The sounds of Final Fantasy IX were a bit on the mediocre side. Nothing spectacular here, except a few battle themes and a few other music tracks. Sound effects were the normal Final Fantasy cursor moving, slash, growl, and death sounds, so nothing was really too new there. What brought back some beloved memories of older Final Fantasy games was the battle theme. It started off exactly the same as the original 6 Final Fantasy games had, and from that point the theme went berserk with nice effects and masterfully composed sections. Overall though, Nubuo Uematsu will most likely go back to the drawing board. Teruaki Sugawara, Eiji Nakamura, and Minoru Akao (the three responsible for the sound effects) should give themselves some good back petting, since the Final Fantasy sound remains, for the most part, the same. Also, they will have to bend their heads in shame for not really creating exciting sounds like the ones in other Squaresoft games such as Chrono Cross (which is the sequel to the masterpiece known as Chrono Trigger). Not much effort by those four men, I’d say… The storyline was, as expected, a very well done one. Since I do not want to spoil the storyline from discs 3 and 4, I cannot speak of the events and how much they surprised me. The dialogue was superb in this installment of the series, and unlike Final Fantasy VII and VIII, I did not see any typos or wrong translations. The American crew did a great job giving us the words that the Japanese masterminds had put in! There was everything to expect in the latest Final Fantasy, including a heavy dose of romance, great humor, dramatic moments, and action packed moments that really got the adrenaline going! I was pleased quite a bit with this excellent story. Kudos to the great one, Hironobu Sakaguchi! You’ve made a winner!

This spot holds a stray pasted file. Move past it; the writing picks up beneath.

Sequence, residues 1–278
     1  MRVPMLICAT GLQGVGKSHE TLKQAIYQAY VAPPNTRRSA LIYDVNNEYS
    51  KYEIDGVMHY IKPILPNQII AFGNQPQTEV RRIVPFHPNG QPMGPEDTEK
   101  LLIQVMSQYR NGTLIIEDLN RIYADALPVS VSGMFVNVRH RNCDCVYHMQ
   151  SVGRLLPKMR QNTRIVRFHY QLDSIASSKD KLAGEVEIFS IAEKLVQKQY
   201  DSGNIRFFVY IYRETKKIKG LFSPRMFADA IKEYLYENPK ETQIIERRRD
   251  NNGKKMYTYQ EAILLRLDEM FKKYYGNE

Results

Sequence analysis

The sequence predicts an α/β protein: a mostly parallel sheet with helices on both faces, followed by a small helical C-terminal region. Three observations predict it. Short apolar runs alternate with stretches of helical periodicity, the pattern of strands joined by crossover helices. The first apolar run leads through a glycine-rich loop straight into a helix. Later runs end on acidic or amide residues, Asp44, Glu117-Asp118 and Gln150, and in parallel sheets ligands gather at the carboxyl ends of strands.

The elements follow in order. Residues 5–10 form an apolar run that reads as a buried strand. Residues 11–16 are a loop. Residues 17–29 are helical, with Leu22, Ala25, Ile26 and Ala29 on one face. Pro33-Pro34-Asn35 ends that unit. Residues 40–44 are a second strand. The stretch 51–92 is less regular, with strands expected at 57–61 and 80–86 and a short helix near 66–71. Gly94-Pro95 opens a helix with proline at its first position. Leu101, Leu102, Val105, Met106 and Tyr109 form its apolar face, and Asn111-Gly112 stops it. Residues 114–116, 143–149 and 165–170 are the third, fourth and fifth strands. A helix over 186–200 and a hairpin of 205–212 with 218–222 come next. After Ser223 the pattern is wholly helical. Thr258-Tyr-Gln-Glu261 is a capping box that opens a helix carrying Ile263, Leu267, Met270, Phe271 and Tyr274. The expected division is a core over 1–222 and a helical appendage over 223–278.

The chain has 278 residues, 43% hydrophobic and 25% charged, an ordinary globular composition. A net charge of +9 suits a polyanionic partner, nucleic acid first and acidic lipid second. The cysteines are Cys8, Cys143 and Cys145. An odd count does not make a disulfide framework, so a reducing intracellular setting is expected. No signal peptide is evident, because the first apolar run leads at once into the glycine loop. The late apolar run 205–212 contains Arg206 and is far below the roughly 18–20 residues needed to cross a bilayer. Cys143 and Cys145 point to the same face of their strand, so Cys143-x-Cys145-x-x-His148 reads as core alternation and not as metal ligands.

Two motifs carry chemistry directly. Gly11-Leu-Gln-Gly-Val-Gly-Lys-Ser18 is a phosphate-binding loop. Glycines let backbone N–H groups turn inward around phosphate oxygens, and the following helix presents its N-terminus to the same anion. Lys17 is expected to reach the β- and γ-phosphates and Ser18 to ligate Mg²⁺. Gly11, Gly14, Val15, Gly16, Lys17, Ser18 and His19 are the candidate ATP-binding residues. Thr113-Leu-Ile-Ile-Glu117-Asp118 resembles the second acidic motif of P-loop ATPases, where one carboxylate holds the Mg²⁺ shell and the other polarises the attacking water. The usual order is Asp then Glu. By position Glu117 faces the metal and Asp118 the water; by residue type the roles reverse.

What’s there in terms of innovation? Lets see… Tetra Master is generations better then Triple Triad (which was the card game in Final Fantasy VIII) and there were quite a bit of mini-games that could rival Final Fantasy VII’s awesome funland known as the Gold Saucer. For one thing, Chocobo Hot & Cold was a fun little game if you got tired of getting new cards. In Chocobo Hot & Cold, you had to ride Boko (your beloved Chocobo) around an enclosed area and dig up treasures. You would know how close you would be to a treasure according to how Boko would react to each point you make him dig at. As usual, there was that optional boss you could defeat to get highly rare treasure from, and in this Final Fantasy it was the great and powerful Fallen Eidolon known as Ozma. His techniques and tactics were something to fear, but he was not impossible to defeat if you knew how to defeat the gigantic beast (I managed to topple him, so I imagine you could as well). And last but certainly not least, are treasures. This game is FULL of treasures. Just by walking around you will get the feeling that finding treasure is a vital role in the game. There are the usual treasure chests, but there are also new things you’ll find. They include Stellazzio coins, which can give you something nice if you collect them all, and then there is what could be a game all on it’s own… The chocographs. This chocographs are stone slabs with pictures engraved in their surface. You have to look at the picture on each chocograph you find and then take Boko out into the world to locate the location on the world map. This often leads to incredibly powerful weapons, cards for Tetra Master, and many other things. There is no shortage of fun in Final Fantasy IX. Go for it!